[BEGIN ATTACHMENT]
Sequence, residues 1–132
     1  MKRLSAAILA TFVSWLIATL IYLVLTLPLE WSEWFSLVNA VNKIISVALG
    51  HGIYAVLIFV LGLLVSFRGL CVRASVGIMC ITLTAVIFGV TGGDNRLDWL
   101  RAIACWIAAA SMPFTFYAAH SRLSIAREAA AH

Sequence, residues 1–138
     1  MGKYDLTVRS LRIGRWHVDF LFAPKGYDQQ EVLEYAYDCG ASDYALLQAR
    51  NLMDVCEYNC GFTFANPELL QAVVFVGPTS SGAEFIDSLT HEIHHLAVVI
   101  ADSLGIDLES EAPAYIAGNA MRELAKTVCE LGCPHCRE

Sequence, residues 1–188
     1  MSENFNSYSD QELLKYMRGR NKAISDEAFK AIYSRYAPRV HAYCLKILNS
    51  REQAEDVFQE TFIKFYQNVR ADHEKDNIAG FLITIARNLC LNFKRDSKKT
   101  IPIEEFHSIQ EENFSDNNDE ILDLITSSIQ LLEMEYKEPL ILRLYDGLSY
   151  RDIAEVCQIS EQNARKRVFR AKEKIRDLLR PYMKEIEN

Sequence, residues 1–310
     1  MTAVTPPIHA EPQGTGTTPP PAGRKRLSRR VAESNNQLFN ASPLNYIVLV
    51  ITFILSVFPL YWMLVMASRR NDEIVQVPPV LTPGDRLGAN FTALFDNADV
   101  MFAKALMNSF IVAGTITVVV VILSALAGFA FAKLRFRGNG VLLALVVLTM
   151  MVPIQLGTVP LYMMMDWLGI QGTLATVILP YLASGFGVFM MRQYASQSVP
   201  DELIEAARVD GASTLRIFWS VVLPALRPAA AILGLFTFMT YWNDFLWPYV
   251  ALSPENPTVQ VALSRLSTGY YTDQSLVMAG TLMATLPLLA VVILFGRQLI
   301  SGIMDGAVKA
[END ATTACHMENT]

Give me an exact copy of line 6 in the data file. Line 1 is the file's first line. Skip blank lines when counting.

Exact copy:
     1  MGKYDLTVRS LRIGRWHVDF LFAPKGYDQQ EVLEYAYDCG ASDYALLQAR